Roll your die. The number you get tells you which corner you are heading towards. Find the midpoint of your current location and the corner you're heading towards. Use a ruler for this and try to be as accurate as you can. Mark this new point with a good-sized dot, that is your new location.

Repeat.

After about fifteen minutes your triangle should have lots of lovely dots, and at this stage you might even see a pattern emerging.

A pattern! (I hear you cry) How can there be a pattern, when I am moving randomly! Surely the dots will be scattered in a random manner, looking like the freckles on a pasty Irish face. But there is indeed a pattern. A very nice one in fact. A very familiar one, actually.

SPOILER ALERT

Please actually carry out this experiment before looking ahead.

I will now insert some line breaks to stop you seeing the pictures below. Don't scroll until you're ready.

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I didn't rub out my construction lines because I've been taught well :-)

Can you tell what it is yet?

Holy fractal, Batman! That there is Sierpinski's triangle! Or as my students would say: Illuminati confirmed.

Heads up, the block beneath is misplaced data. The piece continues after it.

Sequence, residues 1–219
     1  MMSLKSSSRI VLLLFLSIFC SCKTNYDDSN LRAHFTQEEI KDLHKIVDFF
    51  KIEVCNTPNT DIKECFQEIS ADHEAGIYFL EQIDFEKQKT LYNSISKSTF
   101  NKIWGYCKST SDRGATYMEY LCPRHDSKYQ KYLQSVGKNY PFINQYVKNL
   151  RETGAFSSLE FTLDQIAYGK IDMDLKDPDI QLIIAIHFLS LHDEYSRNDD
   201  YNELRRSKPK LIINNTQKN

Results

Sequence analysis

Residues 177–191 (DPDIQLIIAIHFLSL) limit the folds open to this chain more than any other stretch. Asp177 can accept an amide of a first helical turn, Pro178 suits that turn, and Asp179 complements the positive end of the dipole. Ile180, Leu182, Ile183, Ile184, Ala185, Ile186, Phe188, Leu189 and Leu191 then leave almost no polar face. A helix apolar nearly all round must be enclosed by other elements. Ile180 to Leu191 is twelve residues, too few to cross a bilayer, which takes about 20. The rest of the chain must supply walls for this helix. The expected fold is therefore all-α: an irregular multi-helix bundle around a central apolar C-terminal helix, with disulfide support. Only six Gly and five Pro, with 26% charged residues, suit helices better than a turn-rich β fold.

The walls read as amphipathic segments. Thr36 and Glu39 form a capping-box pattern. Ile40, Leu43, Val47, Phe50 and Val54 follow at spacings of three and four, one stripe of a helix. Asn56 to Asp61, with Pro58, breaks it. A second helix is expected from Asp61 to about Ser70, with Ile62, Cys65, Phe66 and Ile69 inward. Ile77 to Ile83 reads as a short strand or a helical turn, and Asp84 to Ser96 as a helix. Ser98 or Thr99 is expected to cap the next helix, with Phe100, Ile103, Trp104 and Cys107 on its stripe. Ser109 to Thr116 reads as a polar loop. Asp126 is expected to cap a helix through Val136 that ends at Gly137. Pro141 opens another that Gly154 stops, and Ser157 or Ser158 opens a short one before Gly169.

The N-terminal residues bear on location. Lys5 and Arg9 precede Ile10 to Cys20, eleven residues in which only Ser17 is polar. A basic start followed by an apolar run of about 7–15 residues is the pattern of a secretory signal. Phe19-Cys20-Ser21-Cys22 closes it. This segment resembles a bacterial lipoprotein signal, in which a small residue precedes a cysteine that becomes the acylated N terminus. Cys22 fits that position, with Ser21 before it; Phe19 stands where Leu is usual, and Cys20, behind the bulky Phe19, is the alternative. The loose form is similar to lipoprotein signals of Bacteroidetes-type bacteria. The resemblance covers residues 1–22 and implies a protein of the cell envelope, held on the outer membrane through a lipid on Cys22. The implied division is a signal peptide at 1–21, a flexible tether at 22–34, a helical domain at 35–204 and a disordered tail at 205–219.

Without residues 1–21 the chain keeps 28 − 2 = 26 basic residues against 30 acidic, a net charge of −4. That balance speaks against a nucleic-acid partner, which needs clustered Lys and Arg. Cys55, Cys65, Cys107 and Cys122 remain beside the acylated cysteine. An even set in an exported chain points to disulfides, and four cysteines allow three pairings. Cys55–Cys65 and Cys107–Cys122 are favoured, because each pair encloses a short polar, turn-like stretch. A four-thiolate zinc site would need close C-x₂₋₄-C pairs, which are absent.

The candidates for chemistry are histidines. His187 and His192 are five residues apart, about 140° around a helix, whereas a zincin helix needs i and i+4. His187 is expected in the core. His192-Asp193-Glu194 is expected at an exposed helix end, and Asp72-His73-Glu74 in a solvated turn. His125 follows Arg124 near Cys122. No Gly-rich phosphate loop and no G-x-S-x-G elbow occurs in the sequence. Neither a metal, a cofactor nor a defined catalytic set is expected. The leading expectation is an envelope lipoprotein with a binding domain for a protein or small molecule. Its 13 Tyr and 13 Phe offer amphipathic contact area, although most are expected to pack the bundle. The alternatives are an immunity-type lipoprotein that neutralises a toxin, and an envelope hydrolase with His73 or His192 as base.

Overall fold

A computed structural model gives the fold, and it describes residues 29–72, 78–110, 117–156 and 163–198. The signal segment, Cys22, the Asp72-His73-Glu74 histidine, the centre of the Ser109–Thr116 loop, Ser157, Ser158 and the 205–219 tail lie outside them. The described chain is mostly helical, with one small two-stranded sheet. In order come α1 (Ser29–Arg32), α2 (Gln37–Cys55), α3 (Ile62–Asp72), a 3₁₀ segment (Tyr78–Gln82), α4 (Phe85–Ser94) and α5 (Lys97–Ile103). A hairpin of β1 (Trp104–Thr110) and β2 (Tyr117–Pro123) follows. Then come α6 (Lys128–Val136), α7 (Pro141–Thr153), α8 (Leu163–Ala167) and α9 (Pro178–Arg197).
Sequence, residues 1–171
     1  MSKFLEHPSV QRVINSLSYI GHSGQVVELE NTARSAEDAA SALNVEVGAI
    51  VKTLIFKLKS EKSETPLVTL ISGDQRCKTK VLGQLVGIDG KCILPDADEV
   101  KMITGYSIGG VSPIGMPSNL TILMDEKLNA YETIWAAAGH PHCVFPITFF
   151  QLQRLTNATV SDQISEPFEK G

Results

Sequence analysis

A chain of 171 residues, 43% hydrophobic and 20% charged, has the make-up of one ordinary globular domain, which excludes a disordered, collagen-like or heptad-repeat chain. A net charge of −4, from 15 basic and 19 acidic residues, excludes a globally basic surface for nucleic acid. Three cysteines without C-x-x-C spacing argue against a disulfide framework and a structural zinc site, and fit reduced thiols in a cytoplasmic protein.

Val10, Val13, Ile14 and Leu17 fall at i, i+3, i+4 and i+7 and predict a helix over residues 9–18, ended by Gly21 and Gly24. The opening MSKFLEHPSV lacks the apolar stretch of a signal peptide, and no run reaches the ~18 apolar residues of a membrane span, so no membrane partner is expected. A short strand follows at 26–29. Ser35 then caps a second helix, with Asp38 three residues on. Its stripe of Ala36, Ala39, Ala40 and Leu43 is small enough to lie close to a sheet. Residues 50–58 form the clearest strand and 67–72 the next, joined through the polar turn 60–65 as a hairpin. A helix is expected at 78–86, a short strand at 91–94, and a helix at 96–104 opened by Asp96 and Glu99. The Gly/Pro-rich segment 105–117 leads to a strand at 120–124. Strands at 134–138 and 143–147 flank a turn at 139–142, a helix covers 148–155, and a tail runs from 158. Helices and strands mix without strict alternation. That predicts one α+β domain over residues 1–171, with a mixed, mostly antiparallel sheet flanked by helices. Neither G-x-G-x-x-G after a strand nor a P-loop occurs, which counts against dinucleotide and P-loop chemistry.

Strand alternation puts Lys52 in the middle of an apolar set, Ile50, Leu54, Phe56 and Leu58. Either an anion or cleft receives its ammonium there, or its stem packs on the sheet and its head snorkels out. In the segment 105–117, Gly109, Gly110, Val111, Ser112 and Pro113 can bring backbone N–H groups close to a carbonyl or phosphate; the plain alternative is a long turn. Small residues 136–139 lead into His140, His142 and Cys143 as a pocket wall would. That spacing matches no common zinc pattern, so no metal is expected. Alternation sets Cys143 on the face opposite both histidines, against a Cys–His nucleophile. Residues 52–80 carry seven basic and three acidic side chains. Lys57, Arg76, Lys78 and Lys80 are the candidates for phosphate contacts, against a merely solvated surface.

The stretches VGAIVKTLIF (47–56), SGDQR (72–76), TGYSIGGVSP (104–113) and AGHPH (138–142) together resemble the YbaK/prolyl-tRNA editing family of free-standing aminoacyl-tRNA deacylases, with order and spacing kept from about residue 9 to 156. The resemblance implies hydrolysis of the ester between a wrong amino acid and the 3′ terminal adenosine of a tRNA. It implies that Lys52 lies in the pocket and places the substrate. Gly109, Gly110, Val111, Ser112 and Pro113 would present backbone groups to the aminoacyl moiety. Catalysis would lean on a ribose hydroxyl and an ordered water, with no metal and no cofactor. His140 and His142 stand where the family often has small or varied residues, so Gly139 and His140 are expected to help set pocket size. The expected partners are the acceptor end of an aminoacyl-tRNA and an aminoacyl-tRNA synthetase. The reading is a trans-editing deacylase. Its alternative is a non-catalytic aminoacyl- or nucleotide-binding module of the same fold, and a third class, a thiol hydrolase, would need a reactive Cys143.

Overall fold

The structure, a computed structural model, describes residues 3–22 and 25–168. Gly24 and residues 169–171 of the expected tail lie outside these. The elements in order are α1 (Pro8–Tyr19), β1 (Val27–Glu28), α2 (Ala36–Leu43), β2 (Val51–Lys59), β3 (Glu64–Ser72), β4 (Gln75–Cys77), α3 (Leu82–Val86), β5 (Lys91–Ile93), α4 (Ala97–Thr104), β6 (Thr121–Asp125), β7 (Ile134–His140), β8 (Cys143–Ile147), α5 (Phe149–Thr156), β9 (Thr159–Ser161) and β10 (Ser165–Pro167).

OK, it doesn't look exactly like Sierpinski but it's definitely getting there. I need to do another thousand or so iterations.

I am a mathematician, which basically means I have turned being lazy into a career. So at this point I started thinking, why am I drawing this s*** when I could be running a simulation instead?

Here is the spreadsheet I used to simulate the Chaos game. It was kind of fun to set up, so I suggest you try it yourself before reading my formulae. You can probably find a much more elegant way to do it, but I'm a mathematician, dammit, not a programmer!

Teachers: this is a cool way to kill an hour with a group of students who know how to use a ruler and divide stuff by two. You could do it as I have suggested, with a triangle drawn on blank paper, but you could instead do it with a triangle drawn on a coordinate grid, with the corners having the coordinates I used in my spreadsheet. This way, students can practise finding the mid-points of two points (a skill that is needed for Higher tier GCSE and for AS Level). However, the numbers get nasty pretty quickly (as there is a root 3 involved). Even if you just use this as an exercise in measuring with a ruler, I think students can get a lot out of it. The pattern is so cool and unexpected, your students may even have that "wow" awe and wonder moment.

Have fun!

Emma x x x

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